functional schizophrenia

in 2007, she published an acclaimed memoir of her struggle with the disease, “the center cannot hold.” her book is a frank and moving portrait of the experience of schizophrenia, but also a call for higher expectations — a plea that we allow people with schizophrenia to find their own limits. saks: subjectively, the best comparison i can make is to a waking nightmare. saks: except for my first two years at oxford, and intermittently when in a serious episode, i have always been able to work. also traveling and giving talks is stressful for me; i usually decompensate the evening after i have given a talk, remaining in the land of psychosis for several hours. i was also said to be “gravely disabled,” and the reason given was i couldn’t do my yale law school homework!

i was fortunate that my analysts were all willing to take a risk for me and help me manage on my own, outside the hospital. i suppose that my own trauma around the use of force really motivated me to study this. i have been on all sides of the medication counter, so to speak: a patient, a lawyer for patients, a teacher about patients, a writer about patients, and a therapist for patients (i did some clinical work in connection with my studies for a ph.d. in psychoanalysis). also, as someone with schizophrenia i can try to give a window into the mind of someone acutely suffering psychosis—that’s what i try to do in my book—so others can appreciate it and understand it more. in addition to having a great job i have a great husband and great friends.

current science spotlights the positive coping tools, attitudes, and stories of people with schizophrenia, a chronic and serious mental health condition. though symptoms can vary from person to person, those with high functioning schizophrenia often have the same or similar symptoms as others with this condition, including negative and positive symptoms. a 2021 study of 96 people with schizophrenia examined the role creativity might play in clinical symptoms, neurocognition, and social functioning.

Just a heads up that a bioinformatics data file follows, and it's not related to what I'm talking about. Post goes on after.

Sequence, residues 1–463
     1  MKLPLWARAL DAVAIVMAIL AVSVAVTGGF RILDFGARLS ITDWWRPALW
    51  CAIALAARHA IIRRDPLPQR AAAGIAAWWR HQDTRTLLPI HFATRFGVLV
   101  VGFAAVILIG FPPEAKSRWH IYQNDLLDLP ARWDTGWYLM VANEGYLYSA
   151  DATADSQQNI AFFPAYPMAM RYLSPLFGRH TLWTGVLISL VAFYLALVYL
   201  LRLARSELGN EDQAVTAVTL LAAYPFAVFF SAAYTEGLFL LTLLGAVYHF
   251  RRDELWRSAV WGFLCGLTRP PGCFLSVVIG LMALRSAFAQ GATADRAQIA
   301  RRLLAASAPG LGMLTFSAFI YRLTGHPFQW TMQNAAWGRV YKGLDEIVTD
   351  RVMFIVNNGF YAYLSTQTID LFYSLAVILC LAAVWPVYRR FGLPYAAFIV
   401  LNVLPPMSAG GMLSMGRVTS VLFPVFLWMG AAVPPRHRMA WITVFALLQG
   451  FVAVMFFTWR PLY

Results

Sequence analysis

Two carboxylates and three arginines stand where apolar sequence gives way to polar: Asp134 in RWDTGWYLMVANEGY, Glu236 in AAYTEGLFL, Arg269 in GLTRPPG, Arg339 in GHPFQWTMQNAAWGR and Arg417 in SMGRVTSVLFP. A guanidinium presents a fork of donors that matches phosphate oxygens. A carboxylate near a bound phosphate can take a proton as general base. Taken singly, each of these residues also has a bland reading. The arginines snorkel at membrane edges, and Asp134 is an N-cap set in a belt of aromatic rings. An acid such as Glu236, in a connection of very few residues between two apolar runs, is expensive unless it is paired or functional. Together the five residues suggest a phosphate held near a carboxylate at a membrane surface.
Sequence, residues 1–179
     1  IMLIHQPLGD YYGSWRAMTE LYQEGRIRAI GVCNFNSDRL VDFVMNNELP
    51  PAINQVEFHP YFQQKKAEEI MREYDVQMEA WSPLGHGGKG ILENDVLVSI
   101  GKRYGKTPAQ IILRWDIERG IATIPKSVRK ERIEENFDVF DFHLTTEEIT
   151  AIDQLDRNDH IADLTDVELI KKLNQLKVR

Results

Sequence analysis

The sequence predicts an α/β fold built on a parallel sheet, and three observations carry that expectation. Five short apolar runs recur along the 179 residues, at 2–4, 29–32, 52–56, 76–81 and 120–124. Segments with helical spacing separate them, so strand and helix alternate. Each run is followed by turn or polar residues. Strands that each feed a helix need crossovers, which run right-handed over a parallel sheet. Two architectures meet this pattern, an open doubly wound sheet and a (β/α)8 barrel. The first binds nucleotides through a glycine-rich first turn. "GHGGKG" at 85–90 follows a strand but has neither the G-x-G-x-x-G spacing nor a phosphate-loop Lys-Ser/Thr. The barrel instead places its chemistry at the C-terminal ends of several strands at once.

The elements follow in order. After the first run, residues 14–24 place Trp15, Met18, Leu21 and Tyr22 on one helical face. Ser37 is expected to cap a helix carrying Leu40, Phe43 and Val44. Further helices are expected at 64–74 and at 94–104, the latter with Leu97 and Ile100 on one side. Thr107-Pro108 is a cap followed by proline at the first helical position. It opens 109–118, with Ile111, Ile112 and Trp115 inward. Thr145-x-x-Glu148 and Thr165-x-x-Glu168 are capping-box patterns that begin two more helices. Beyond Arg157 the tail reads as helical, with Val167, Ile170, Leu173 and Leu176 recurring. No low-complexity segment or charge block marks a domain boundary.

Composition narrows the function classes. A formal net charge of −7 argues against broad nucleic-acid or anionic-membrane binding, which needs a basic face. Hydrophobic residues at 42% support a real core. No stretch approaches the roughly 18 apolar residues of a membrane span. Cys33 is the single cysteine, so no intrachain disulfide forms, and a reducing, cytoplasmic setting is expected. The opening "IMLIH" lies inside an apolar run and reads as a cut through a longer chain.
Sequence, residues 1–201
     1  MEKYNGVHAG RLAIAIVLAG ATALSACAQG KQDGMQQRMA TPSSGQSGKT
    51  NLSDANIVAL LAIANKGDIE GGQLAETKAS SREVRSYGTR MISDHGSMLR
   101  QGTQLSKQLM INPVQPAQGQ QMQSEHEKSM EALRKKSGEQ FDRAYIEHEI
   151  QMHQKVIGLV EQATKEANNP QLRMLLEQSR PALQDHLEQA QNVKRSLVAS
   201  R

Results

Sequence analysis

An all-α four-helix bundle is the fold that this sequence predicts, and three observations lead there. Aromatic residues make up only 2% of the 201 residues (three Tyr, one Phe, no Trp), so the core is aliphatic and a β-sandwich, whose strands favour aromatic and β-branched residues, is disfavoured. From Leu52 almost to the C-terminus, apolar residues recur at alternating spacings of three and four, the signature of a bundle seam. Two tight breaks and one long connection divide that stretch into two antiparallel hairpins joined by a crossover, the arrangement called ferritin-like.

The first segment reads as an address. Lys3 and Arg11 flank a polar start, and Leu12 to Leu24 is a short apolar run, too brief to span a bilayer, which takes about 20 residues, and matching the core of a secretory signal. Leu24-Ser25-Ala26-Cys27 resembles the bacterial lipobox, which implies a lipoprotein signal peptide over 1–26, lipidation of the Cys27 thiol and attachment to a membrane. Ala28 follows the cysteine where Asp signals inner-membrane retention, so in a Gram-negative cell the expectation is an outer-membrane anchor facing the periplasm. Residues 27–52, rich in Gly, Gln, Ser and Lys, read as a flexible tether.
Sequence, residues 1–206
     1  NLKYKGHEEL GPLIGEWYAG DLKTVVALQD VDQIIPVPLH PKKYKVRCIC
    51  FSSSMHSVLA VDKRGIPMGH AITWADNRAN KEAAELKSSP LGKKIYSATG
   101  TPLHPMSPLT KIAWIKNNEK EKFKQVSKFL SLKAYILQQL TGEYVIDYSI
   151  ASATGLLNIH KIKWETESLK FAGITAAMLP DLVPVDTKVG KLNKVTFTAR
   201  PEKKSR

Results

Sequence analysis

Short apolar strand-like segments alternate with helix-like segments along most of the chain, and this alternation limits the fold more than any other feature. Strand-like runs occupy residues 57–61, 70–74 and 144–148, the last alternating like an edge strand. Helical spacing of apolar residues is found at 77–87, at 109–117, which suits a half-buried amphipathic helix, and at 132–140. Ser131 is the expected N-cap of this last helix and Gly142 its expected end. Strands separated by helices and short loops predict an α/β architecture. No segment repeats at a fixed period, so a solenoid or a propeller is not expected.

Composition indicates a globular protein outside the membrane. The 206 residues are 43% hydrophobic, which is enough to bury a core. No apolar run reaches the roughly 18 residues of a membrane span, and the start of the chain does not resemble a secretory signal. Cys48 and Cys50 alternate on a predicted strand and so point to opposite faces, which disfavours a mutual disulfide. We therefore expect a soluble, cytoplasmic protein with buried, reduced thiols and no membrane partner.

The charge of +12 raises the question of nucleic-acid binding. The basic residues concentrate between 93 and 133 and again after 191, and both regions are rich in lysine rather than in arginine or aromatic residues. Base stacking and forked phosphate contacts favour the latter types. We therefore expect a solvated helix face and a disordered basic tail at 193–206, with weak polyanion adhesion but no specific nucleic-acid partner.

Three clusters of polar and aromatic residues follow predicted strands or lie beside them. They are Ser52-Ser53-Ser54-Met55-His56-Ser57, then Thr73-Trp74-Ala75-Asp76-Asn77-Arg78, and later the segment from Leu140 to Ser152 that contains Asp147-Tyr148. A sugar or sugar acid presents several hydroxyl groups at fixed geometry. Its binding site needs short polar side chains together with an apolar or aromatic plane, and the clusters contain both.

schizophrenia is a lifelong condition that can sometimes present with severe symptoms, even for people who are “high functioning.” high functioning schizophrenia means you still experience symptoms but you’re able to participate at work, school, and in your personal life to a higher degree than others with the condition. with the right treatment plan, schizophrenia symptoms can be managed. did you know there are many types of therapy for mental health and that anyone can benefit from it?

diary of a high-functioning person with schizophrenia. legal scholar elyn saks talks about her struggles with, and surprising triumphs over, high functioning schizophrenia typically refers to an individual’s ability to manage symptoms to engage in meaningful work, education, and doctors who specialize in mental health used to divide schizophrenia into different subtypes: catatonic; disorganized; paranoid; residual; undifferentiated., .

although not an official diagnosis, high-functioning schizophrenia generally refers to being able to function successfully in work or social realms in the face of symptoms of the illness. schizophrenia is a serious mental disorder in which people interpret and behavior that impairs daily functioning, and can be disabling. the writer explains that as someone who is considered to have high-functioning schizophrenia, she still experiences some symptoms and needs this mental disease manifests with signs and symptoms that cover the entire range of human mental activity such as the ability to think, .

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